I read somewhere that the best way to decide something is to flip a coin. Not because you should leave your life up to blind luck, but because you’ll know, once the coin is in the air, which side you’re hoping to see. When you know that, the decision makes itself.
From the moment I heard about Dev Bootcamp, I knew I wanted in. Everything about the place seemed phenomenal. Brilliant instructors with real world experience? Awesome. Mindfulness as an engineering tool? Incredible. Intensely fast pace? Bring it on. Limitless opportunities to learn and grow? Yes please.
Plus the limited experience I’ve had programming was exciting and fun. So I applied.
One of the application questions asked me to share something I found surprising or amusing. I talked about how building an exciting hip hop set list is just like walking a date around a bar or club while you talk: the more locations you visit, the more memorable you are. Who knew this musician had so much in common with skeevy PUAs?
There was also space to leave feedback about the Dev Bootcamp site’s design. I loved the visual style and blog, I didn’t love the tuition popup, I told them so, I checked my submission for typos, I took a breath, I sent the thing in.
The next day I got an email inviting me to a video interview. Sweet, the ball was rolling! I picked a date a week out so I’d have time to digest the interview prep, which consisted of a 30-minute YouTube video and nine chapters of online Ruby lessons at Code Academy.
Before I play a big show, I get really nervous. Afterwards, when I’ve played well and everyone enjoyed themselves, the nerves seem silly. But they still return for the next big show. On the day of the interview, I was big show nervous. Based on my first impression, I’d either become a Boot or I wouldn’t. The coin was in the air. And I knew more than ever that I wanted in.
The interviewer asked me why I wanted to be a programmer, and I feel like I froze, but I remember words coming out about wanting to create things to help people and loving puzzles and enjoying working with computers. Ice broken. We discussed my programming experience (“barely any to none”) and then dove into what George Michael Bluth would call an Amazing Mind Puzzle.
It wasn’t complex, but it was tricky. The goal wasn’t necessarily for me to solve the puzzle, but I was instructed to demonstrate how I thought through the problem. I wasn’t sure of the rules at first, and I got stuck a couple of times, but we talked through to the solution and I got a little nudge at the end that helped me arrive at the right answer.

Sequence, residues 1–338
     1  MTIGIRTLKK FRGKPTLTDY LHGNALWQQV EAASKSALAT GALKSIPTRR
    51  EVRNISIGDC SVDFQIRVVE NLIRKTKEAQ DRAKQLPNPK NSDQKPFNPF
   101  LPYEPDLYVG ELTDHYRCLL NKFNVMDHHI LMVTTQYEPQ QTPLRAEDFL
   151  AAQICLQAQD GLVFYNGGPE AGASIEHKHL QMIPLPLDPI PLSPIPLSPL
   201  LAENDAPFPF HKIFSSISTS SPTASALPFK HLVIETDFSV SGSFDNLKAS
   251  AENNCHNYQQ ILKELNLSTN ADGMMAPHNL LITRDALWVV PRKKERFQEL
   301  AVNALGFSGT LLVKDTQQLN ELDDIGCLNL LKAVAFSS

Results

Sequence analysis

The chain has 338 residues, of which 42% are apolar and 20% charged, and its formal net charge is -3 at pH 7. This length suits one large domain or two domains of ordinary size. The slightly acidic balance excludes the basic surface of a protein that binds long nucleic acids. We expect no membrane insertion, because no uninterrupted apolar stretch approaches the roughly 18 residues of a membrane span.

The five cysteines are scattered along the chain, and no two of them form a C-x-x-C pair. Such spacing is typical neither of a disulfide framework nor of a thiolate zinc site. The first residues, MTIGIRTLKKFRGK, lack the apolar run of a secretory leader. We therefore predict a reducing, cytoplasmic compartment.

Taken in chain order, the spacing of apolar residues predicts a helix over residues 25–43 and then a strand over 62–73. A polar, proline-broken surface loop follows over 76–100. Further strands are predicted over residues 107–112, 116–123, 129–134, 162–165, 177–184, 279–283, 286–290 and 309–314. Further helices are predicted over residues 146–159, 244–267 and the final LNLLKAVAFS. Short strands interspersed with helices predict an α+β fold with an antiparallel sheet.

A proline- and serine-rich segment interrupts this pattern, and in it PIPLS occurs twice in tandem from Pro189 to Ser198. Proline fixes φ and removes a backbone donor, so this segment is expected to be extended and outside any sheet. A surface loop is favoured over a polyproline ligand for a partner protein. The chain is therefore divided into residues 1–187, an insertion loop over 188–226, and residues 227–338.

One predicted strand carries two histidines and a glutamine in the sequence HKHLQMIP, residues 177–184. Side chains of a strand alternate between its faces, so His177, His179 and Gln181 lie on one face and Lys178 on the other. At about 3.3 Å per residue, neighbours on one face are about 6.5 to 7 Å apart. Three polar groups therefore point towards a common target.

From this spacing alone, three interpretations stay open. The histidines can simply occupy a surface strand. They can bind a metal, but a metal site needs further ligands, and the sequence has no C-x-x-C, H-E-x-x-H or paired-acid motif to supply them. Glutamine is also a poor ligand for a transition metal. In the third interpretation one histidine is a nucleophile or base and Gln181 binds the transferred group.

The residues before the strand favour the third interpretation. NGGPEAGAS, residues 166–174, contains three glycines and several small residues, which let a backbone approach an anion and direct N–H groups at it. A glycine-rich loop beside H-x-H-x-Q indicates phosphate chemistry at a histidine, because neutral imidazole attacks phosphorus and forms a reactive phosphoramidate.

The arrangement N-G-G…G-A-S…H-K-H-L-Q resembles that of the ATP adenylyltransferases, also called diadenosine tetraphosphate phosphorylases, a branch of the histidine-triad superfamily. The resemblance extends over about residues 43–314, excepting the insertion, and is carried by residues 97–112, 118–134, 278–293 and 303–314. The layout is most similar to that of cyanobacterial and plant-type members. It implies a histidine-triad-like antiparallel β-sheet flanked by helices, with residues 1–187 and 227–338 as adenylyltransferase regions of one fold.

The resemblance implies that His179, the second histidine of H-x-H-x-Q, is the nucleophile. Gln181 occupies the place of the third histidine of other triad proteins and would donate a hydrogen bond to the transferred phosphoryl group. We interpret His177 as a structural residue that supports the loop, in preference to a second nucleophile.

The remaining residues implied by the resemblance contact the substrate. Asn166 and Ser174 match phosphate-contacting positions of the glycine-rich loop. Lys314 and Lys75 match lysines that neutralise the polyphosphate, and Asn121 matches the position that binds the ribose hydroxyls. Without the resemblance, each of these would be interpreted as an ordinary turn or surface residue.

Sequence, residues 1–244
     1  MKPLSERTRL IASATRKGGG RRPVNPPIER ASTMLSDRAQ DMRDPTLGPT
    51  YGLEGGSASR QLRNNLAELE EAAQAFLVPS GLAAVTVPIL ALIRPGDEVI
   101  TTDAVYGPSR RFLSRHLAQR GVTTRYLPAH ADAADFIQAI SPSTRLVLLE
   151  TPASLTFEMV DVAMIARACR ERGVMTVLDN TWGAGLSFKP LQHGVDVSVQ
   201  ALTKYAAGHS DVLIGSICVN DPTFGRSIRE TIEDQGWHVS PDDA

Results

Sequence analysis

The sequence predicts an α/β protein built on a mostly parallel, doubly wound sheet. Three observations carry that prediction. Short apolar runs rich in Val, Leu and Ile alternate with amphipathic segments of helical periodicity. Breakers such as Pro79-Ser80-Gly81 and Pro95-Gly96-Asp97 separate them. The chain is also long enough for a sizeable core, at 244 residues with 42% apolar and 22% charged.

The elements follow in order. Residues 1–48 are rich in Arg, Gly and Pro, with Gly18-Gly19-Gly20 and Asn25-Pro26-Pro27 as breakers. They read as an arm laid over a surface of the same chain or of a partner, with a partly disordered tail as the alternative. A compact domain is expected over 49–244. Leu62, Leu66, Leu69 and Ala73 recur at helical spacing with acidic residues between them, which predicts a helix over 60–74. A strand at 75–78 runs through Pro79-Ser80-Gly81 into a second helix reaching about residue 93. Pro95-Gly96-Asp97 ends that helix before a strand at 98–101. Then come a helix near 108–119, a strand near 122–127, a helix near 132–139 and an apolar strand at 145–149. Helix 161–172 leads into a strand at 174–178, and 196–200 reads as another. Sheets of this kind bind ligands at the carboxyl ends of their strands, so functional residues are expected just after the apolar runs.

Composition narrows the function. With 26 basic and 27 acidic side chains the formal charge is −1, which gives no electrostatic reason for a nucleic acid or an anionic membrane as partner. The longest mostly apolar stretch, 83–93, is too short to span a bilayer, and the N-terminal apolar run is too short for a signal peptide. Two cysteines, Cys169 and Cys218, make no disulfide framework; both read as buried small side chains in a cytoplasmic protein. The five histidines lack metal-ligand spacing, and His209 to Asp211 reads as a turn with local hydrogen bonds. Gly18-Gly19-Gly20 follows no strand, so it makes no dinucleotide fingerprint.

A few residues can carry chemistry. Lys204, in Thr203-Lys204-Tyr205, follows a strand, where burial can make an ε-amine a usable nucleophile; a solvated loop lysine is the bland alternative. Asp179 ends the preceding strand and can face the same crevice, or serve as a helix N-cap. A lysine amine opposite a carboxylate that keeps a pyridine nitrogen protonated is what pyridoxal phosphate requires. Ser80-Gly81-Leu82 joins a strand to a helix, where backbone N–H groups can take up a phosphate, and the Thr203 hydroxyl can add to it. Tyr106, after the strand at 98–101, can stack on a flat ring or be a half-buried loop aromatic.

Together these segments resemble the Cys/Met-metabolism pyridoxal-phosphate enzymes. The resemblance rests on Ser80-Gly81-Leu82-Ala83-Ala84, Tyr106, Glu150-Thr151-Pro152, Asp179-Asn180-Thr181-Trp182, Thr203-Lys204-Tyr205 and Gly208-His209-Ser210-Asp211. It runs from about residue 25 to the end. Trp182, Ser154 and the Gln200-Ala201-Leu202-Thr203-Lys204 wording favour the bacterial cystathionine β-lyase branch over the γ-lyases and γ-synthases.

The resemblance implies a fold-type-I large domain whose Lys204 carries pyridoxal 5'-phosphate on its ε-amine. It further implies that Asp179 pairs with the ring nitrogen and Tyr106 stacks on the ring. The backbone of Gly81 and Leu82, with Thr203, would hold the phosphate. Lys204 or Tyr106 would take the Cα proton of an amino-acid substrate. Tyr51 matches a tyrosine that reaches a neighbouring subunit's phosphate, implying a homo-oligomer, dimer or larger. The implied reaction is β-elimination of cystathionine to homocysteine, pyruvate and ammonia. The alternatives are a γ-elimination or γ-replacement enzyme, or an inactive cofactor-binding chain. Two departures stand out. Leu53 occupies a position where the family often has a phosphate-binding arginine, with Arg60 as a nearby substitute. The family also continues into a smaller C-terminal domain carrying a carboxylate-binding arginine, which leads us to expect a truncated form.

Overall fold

We also talked code for a bit, working through a few things I’d seen before on Code Academy and one concept that was new to me. Again, my interviewer stressed that the “right” answer was less important than clear communication and cogent thinking. It all felt pretty low pressure.
The whole process was less about testing my coding proficiency and more about seeing how I process information and checking my excitement level. Dev Bootcamp accepts around 20% of applicants. If they can successfully help place you in a job, they make money from the hiring company. So they have a vested interest in picking prospects they think will flourish.
Once the formalities were over, I had time to ask a couple questions. I was curious about what separated successful boots from failures (curiosity) and whether boots actually made good use of the Engineering Empathy portion of the training (absolutely). I disconnected from the interview feeling like things had gone really well.
Sure enough, I saw an acceptance email in my inbox well before the 24-48 hour waiting period was up. Now comes the hard part: getting past wanting to do this and getting into actually doing it. Thanks to my fear of being underprepared for the interview, I’m about a third of the way through the Phase 0 prep materials already. But now I’m playing for keeps.
I want more than the minimum out of this, so I’m putting more than the minimum in. I’ve been doing a ton of online research, which is why I started this blog in the first place. Other Boots’ blogs helped me get this far, and I want to add to that pool of knowledge.
And blogging is recommended by pretty much everyone who’s given advice about their DBC experience. It helps organize thoughts and gives prospective employers an extra insight into the graduate/programmer/job candidate.
So hire me please, Fall 2014 background researcher! I’ve got all the right stuff.
Everyone else, stick around and hear my story. I’m about to go get all the right stuff.